“You start researching some of the people that Damien pointed us towards, and you start racking up how many people died this time”, Babylon star Margot Robbie told Cinemablend.

Robbie also points out how “young everyone was” during this exploitative time. “People were going from being dirt poor to being the biggest movie stars in the country… and if they were 20… they were dead by that time they were 25 or 30.”

So are the cast portraying real life wild child types from this turbulent time? Turns out, it’s not that simple.

Max Minghella, who plays producer and original movie mogul Irving Thalberg, is the only real-life character depicted in the film.

Thalberg, known as ‘the Boy Wonder’, was credited with MGM’s distinguished reputation thanks to his ability to produce high-quality films, as well as shrewdly identifying and cultivating talent.

The other cast members are a blend of multiple starlets and key players from the industry, amalgamated to paint a picture of the seedy side of showbiz.

Manny Torres, played by Diego Calva, is based on several Latino filmmakers and actors including René Cardona, a Cuban immigrant who became a pioneer in the Golden Age of Mexican Cinema.

Brad Pitt’s character Jack Conrad is “sort of the uber movie star,” according to Chazelle. “He’s the highest-grossing leading man in the world when we meet him.”

Conrad is alleged to be based partly on John Gilbert – a hugely successful silent film star in the 20s who failed to make the transition into the new era of sound and watched his illustrious career crumble.

Margot Robbie plays one of the other leads – Nellie LaRoy. An aspiring actress and flapper girl that’s heavily inspired by the original ‘It girl’ Clara Bow, with a hint of Joan Crawford.

Bow had a meteoric rise and subsequent fall while cultivating a scandalous reputation as a sexually vivacious party girl.

Despite making masses of money for the studios, Bow was never considered classy enough for stardom and after one too many tabloid exposés, she was dumped by Paramount Studios and eventually retired for good.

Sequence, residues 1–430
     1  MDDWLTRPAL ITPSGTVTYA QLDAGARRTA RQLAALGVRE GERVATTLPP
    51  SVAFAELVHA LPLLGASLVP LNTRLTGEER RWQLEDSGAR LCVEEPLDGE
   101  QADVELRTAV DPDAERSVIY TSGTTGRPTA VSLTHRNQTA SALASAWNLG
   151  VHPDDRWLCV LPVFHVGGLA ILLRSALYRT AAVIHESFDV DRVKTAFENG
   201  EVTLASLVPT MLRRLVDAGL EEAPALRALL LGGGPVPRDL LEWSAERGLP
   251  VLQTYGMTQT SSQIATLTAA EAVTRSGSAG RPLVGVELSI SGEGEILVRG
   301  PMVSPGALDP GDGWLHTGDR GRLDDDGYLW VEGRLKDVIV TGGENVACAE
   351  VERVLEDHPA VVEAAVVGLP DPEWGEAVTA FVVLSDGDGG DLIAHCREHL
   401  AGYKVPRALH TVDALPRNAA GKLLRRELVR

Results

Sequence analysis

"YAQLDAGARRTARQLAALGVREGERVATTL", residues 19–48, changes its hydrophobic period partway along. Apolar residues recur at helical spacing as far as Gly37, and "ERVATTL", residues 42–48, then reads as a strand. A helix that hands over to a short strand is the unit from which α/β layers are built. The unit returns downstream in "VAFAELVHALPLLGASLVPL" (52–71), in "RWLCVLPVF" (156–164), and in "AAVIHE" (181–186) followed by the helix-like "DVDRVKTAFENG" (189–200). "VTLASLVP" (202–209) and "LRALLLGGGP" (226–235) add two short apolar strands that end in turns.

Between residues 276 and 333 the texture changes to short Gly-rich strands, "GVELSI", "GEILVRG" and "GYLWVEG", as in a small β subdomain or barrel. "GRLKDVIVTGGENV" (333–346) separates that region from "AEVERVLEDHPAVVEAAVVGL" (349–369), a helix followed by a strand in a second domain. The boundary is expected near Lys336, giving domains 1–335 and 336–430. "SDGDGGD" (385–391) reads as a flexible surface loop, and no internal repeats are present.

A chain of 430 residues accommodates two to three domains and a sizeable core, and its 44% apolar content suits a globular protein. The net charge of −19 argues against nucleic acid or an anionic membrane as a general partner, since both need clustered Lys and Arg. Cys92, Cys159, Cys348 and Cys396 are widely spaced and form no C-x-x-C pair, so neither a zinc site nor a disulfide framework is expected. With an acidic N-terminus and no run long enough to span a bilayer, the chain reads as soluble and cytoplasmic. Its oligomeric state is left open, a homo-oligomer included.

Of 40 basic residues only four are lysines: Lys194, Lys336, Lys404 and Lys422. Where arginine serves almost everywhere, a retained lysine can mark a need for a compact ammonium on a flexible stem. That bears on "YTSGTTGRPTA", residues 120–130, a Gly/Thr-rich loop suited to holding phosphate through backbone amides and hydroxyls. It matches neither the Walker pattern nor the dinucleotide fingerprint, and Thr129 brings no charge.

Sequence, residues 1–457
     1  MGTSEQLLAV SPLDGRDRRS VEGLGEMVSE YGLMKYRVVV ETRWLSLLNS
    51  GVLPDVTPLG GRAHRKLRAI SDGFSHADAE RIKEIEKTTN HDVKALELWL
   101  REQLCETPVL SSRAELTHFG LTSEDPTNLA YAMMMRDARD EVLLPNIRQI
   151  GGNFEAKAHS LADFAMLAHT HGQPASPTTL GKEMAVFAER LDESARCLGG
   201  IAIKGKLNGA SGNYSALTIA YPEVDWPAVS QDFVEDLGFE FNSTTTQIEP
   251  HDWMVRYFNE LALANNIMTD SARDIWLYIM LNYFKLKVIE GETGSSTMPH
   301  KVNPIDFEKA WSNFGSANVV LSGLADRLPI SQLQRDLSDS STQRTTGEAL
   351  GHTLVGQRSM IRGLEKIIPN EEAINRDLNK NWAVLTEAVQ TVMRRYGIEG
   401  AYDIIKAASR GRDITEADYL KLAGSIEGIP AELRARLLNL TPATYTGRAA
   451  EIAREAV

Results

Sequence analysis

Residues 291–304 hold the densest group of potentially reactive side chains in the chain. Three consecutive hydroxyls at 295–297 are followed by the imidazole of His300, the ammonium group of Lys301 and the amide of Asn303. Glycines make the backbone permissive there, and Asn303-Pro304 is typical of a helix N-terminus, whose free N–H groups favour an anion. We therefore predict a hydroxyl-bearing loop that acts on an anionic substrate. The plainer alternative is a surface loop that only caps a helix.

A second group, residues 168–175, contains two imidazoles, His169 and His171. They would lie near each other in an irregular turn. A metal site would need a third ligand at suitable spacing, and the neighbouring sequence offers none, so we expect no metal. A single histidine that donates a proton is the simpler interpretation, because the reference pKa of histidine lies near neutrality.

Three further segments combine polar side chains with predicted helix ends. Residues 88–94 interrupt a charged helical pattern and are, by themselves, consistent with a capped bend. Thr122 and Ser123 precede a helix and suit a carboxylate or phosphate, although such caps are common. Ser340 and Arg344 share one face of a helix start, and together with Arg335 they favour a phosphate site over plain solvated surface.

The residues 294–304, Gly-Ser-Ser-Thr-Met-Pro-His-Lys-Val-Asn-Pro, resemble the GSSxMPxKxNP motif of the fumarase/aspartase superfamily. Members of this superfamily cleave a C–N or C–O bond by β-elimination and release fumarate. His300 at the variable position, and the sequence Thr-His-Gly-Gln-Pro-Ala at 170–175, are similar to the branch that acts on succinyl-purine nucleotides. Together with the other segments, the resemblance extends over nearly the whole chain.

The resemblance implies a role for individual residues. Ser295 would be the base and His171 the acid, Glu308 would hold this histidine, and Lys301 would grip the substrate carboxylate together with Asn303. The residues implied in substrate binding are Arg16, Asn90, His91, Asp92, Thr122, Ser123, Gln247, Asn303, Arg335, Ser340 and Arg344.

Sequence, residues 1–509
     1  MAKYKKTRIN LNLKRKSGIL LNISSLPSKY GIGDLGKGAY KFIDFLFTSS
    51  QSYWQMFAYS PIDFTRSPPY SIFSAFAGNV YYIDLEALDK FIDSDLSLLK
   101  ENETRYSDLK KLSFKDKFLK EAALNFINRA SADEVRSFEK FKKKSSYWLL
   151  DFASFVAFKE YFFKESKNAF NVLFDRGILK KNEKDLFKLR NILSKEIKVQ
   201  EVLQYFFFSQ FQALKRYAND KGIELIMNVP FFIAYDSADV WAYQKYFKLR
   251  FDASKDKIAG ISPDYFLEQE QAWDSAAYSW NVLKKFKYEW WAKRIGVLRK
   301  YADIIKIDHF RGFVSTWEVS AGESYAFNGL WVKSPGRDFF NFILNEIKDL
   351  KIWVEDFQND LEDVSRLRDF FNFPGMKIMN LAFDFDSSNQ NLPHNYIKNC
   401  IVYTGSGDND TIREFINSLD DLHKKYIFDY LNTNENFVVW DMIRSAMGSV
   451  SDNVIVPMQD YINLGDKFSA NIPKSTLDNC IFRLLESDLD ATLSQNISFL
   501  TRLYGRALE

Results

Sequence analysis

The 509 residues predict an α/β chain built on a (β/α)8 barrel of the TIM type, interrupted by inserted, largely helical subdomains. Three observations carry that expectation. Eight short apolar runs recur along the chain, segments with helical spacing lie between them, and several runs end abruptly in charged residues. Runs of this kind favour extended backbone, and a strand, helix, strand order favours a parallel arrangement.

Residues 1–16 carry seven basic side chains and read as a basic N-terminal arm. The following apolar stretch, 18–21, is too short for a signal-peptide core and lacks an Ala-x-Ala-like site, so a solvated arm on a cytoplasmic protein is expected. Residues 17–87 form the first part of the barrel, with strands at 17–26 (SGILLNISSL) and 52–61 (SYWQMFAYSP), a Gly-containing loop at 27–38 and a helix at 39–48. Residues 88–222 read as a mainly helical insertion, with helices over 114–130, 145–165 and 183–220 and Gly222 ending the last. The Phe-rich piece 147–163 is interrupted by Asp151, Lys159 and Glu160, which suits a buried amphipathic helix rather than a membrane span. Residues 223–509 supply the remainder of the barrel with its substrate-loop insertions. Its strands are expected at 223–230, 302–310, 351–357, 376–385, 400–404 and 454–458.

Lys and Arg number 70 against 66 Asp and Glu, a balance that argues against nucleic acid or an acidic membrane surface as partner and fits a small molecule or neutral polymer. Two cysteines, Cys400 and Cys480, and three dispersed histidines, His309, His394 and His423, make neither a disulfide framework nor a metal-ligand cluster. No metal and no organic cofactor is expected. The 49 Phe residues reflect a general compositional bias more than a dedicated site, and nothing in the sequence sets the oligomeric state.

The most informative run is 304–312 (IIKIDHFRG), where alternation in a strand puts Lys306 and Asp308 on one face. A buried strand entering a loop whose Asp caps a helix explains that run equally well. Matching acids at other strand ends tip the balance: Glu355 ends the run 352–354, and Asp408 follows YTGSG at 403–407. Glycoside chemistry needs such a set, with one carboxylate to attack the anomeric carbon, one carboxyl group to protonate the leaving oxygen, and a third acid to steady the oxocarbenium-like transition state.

Behind the good-time-girl persona, Bow had a tough life marked by extreme poverty and violence, which Robbie considered when drawing inspiration from Bow.

“Whenever I’m trying to make a character, I have to figure out their childhood,” Robbie said in a recent interview. “I can justify anything they do later in life if I just figure that out.”

“She probably had the most horrific childhood I can imagine for anyone. You can justify anything [she] does and says in this movie if you imagine she experienced something like that as a kid.”

Babylon has garnered mixed reviews from critics so far and though many praise Chazelle’s depictions of the outrageous excesses of the age, some feel he overcooked it.

“One of the year’s richest and most ambitious films,” writes Kyle Smith Wall of the Street Journal, while CNN’s Brian Lowry describes Babylon as a “sprawling, messy, three-hour-plus endurance test.”

Nearly one hundred years on, it seems Hollywood is still the fickle place where dreams are both made and destroyed in equal measure.

Leave a Reply

Your email address will not be published. Required fields are marked *